Performing Arts Chair and Dance Teacher Beth Wortley, however, stresses the lengthy process it takes to join a company. “Like in theater or music, the process for getting into a company is audition, audition, audition,” Wortley said. “One must fund their own travel expenses to attend these auditions so it can be expensive and prohibitive for many.”

Wortley also notes the intense competition dancers must face when getting into a company.

“One doesn’t have a choice of what company to join. One must audition all over the country and hope to get a contract eventually,” Wortley said. “In reality only the very best dancers in the country get contracts to the well-known companies.”

According to Rohrich, most students spend time in summer intensive programs that are associated with major companies.

At a certain age, usually around 15 or 16, Rohrich said, you may be asked to stay for their year-round professional program division, and then after a year or so, you may be asked to join the company as a trainee or apprentice. If by then, Bines said, the company has not offered you a contract into their corps de ballet (from French, body of the ballet), then you know that you probably will not be joining that company. “It’s pretty sad but that’s the way it works,” Bines said.

However, Rohrich said, if you are fortunate enough, they will eventually ask you to officially join the company in the corps de ballet at which time you will work your way up through the ranks: demi-soloist, soloist and then principal dancer.

The numbers that audition and are accepted vary from year to year. Currently, the American Ballet Theater in New York has five Principal Dancers, three Soloists and 54 members in the corps de ballet, while the Pacific Northwest Ballet has 12 Principals, seven Soloists and 22 members in the corps de ballet.

Bines and Rohrich understand that getting into a dance company is extremely competitive and that at first they may not get into their company of choice.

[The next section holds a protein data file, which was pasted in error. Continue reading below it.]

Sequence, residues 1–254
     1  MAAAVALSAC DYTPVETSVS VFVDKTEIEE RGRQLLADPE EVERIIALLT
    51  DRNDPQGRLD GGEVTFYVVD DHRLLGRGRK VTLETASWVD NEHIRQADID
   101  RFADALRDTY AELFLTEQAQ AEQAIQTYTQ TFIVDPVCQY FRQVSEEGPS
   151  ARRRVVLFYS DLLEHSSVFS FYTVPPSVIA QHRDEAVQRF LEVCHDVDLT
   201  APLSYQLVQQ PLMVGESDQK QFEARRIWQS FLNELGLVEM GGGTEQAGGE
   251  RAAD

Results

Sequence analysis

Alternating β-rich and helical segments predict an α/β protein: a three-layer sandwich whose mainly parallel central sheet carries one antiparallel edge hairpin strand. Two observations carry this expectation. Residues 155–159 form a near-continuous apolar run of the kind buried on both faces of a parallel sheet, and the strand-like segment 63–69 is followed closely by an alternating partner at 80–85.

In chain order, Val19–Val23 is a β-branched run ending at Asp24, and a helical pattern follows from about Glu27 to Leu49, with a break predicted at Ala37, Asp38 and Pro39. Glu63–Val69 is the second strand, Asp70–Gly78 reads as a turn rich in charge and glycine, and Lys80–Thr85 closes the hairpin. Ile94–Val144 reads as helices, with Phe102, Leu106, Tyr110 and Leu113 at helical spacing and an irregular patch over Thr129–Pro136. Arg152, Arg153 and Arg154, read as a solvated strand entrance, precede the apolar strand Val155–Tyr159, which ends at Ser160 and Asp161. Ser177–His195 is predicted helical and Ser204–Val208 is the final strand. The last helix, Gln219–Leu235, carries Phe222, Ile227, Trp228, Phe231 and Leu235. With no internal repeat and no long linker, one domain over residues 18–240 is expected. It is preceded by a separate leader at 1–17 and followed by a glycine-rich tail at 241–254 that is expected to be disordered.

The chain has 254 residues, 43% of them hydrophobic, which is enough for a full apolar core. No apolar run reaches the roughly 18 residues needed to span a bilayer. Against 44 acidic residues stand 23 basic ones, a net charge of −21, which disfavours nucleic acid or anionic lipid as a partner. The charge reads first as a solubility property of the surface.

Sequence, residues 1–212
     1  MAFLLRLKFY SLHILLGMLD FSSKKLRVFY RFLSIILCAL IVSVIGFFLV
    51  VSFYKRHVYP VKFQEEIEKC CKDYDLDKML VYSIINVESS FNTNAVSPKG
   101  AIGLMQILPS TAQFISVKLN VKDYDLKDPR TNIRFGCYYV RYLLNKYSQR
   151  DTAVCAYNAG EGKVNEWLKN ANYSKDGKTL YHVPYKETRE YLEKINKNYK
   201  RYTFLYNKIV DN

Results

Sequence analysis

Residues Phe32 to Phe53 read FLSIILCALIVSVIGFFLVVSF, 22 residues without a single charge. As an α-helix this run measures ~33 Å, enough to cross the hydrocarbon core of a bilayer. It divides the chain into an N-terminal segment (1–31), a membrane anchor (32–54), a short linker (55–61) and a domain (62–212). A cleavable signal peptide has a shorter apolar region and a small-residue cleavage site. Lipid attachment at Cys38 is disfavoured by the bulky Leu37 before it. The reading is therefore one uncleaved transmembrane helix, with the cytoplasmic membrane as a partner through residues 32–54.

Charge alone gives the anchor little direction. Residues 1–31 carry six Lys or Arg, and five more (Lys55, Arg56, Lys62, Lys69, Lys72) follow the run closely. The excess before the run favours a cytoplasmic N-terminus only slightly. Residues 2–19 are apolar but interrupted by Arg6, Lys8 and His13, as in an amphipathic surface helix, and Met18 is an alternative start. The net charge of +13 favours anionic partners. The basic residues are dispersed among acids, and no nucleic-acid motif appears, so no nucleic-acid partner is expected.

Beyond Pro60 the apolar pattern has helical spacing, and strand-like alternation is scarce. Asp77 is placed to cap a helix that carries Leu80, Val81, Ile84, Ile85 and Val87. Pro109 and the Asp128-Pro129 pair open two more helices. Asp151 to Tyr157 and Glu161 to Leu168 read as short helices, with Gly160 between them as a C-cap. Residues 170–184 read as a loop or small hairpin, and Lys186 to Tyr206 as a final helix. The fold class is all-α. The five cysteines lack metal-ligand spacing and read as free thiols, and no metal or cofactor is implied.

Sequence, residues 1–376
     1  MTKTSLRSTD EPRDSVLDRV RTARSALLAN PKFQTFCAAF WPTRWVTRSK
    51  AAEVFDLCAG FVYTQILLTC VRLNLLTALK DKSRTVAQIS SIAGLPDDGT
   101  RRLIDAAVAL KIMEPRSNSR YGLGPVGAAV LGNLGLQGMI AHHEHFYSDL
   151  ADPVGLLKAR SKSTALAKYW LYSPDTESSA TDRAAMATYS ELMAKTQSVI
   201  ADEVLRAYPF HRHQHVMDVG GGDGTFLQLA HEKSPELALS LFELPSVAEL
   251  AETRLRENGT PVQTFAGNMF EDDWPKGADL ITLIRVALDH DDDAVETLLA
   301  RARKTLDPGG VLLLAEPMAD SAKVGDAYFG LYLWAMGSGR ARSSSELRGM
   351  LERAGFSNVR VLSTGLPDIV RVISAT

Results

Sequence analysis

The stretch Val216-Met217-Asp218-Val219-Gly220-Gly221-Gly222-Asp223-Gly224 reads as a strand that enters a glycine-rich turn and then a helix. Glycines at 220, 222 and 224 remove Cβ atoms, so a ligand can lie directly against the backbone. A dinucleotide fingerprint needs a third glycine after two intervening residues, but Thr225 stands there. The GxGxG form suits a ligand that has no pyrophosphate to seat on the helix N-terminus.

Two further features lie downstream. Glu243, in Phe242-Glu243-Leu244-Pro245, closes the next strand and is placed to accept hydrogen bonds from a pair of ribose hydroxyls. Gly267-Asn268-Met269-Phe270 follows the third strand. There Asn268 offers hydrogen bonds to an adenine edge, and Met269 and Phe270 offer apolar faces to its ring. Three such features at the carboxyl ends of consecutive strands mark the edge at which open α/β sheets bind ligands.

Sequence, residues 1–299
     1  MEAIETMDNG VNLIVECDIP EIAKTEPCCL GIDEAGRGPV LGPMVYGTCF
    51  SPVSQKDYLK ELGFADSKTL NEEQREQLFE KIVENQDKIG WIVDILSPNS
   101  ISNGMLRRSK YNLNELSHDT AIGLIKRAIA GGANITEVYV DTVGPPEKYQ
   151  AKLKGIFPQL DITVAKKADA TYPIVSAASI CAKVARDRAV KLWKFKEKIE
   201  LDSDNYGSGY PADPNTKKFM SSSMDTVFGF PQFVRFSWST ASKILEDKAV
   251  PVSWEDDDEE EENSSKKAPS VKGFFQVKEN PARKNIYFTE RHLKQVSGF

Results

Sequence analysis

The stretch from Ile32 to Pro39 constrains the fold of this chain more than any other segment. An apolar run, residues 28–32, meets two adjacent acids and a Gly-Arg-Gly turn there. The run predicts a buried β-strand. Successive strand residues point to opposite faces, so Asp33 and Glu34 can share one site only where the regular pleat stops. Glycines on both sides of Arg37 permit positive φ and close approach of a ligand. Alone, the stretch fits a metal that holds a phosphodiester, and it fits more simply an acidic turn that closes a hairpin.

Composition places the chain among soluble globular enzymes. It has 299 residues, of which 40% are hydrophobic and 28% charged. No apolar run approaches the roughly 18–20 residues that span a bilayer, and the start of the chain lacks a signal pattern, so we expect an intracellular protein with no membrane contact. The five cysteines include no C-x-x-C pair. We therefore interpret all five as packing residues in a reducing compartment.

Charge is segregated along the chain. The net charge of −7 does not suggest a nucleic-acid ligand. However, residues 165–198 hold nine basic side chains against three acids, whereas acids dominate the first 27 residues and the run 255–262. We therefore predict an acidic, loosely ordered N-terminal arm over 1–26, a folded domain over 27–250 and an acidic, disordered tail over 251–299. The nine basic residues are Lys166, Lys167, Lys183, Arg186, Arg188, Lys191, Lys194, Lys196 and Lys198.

Rohrich said if this were to happen she would keep dancing professionally and improve her skills, so that she ultimately might be able to get into her favorite company. Rohrich compares the audition process to applying to college.

“Just because you don’t get admitted to your first choice, doesn’t mean you won’t attend college.” Rohrich said. “During this process, it is important that I work with a ballet company that will allow me to continue my college education.”

However, for Bines, if she does not get into a good company, she would probably go try to work on Broadway because she also loves singing and acting. “But if I could do ballet or sing and act I have no idea what else I would ever want to do with my life,” Bines said.

Bines hopes to dance as a soloist someday but understands that she needs to first start in the corps. If she joins a company, Bines said she will enjoy it regardless of position.

“I want to stay in the company for as long as I am enjoying it. Even if I never move up, being on stage and being able to perform in the corps in all the ballets will be incredible,” Bines said.

Even so, both Bines and Rohrich understand the importance of earning a college degree while dancing due to the relative shortness of a typical dance career.“Earning a college degree is definitely important to me and how I go about doing this will be dependent on if and where I join a company.